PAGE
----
Hospice Care is a phrase that evokes an image of impending death. Hospice care is a support service for individuals dealing with a terminal illness that need special care from professionally trained care providers.
One of the myths associated with hospice care is that it is meant for cancer patients only. Hospice expert David O'Neal points out that hospice care is provided to all patients dealing with a life-threatening illness and limited life expectancy.
Cancer, heart failure, renal failure, stroke, chronic lung problems, and Alzheimer's Disease are some of the illnesses covered under hospice care. In fact, David explains that "Alzheimer's Disease has a very high death rate" among the elderly.
O'Neal says "the myths surrounding hospice keep people from seeking out their services." He adds that hospice not only supports the patient but is also there "to support the caregivers who have a tremendously hard job to do."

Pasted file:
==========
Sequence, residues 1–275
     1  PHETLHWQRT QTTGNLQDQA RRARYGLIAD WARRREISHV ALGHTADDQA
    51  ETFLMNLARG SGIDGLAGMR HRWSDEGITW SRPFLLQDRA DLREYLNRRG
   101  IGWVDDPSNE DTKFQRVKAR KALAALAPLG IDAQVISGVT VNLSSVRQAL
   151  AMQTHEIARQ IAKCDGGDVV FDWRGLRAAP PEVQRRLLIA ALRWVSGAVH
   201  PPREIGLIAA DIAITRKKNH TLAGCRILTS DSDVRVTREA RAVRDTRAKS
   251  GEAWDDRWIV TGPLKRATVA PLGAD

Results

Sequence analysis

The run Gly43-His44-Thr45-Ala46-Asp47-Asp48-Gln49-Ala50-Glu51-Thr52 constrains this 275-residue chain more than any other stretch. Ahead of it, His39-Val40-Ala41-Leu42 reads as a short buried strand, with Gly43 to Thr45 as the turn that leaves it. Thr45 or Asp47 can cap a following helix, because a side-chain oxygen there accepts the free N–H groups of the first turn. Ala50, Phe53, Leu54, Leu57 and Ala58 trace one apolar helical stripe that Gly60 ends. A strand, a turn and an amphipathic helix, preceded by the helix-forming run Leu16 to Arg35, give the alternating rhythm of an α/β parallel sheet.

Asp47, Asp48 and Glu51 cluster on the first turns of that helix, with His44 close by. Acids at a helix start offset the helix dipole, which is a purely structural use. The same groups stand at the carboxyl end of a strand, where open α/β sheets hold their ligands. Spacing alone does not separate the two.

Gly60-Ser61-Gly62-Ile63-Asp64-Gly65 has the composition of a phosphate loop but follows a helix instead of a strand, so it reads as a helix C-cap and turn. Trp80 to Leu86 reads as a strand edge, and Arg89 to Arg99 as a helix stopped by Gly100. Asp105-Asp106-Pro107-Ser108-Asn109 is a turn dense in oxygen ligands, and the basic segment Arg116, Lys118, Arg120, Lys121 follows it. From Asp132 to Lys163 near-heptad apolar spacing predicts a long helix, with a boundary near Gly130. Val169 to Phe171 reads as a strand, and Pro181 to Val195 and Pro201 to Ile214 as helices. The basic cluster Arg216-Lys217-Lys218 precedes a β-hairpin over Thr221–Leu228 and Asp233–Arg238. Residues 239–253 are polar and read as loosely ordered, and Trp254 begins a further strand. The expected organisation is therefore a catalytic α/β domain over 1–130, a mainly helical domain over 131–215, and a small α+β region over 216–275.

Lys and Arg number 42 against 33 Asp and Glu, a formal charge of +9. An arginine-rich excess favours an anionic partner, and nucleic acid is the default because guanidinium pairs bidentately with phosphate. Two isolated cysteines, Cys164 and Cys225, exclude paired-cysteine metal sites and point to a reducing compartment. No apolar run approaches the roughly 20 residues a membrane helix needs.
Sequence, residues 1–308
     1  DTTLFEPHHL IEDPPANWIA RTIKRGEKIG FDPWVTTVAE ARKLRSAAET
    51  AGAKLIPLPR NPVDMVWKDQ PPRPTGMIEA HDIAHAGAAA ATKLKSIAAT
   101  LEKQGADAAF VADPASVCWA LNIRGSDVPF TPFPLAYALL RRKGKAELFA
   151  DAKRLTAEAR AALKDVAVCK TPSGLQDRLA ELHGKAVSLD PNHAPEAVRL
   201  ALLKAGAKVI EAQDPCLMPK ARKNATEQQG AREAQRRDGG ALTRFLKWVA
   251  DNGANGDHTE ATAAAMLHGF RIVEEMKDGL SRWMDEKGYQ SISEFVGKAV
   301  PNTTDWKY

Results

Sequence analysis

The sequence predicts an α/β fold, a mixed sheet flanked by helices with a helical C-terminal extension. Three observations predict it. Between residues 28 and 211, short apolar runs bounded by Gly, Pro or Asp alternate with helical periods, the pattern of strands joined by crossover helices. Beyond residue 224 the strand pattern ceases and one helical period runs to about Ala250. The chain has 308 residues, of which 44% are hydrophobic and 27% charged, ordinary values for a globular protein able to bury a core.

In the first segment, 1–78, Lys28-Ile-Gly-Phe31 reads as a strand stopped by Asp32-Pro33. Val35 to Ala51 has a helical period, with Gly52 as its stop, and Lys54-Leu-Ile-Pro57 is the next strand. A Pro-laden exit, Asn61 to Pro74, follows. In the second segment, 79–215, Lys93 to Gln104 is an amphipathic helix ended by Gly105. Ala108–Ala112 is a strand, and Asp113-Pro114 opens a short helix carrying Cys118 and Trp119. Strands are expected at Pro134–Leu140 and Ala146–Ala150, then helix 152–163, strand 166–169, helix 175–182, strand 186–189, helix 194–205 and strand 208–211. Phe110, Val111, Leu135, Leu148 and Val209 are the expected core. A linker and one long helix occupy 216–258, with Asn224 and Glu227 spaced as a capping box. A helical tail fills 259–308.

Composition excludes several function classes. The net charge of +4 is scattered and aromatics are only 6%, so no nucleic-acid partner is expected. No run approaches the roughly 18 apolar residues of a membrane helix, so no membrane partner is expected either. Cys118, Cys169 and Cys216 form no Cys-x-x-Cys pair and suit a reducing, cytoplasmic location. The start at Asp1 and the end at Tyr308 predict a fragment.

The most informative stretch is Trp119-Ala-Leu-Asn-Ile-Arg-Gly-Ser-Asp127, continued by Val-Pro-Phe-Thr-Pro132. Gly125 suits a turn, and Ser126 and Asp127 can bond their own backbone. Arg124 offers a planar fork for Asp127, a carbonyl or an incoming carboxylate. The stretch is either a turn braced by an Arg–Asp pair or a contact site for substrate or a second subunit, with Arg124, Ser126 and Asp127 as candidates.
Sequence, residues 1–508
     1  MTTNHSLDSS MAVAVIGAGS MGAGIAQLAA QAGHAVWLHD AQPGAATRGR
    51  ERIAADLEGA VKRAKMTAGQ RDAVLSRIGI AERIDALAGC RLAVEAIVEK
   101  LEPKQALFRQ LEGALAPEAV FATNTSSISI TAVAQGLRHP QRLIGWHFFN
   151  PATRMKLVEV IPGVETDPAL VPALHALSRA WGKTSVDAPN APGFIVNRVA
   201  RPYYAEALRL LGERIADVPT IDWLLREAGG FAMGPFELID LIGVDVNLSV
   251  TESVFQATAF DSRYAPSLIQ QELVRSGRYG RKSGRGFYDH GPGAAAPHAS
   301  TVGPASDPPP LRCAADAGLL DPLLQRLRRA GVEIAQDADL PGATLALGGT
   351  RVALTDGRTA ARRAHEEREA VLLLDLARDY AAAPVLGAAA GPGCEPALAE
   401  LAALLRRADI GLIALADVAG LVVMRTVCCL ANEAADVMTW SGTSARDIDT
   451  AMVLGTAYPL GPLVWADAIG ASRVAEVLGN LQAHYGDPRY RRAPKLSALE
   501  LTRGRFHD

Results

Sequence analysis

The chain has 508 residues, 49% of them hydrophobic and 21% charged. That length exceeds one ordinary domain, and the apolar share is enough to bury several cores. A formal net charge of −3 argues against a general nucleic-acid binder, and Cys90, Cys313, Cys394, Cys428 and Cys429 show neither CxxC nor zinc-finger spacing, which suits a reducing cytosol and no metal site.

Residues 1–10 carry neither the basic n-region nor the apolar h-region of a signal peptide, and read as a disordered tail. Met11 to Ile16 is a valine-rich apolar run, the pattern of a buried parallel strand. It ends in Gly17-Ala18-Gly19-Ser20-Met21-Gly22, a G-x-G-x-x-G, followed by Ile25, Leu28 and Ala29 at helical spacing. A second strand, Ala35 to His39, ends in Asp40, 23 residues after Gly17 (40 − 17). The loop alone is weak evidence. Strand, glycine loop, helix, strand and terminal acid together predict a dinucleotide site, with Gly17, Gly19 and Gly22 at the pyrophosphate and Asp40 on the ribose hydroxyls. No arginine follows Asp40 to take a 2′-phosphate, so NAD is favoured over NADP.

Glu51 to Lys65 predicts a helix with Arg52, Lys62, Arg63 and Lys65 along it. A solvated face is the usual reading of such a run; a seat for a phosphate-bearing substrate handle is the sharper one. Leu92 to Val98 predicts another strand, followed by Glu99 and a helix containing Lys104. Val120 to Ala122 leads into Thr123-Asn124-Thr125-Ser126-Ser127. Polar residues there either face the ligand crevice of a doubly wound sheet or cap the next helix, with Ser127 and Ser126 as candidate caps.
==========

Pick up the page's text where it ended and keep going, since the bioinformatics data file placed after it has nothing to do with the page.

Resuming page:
Typically, hospice services include (but are not limited to) nursing care, medical equipment, medical supplies, drugs to control pain and other symptoms, dietary counseling, home health care, and emotional and spiritual counseling to help the patient and his/her family deal with grief and loss.
If the services provided through hospice care stabilize a patient's medical condition then the patient may be taken off hospice. Hospice is often provided at the patient's own home in their familiar environment.
Hospice care is much more than a "palliative" care service. It is a supportive service for the patients and their families dealing with the stress of life and death.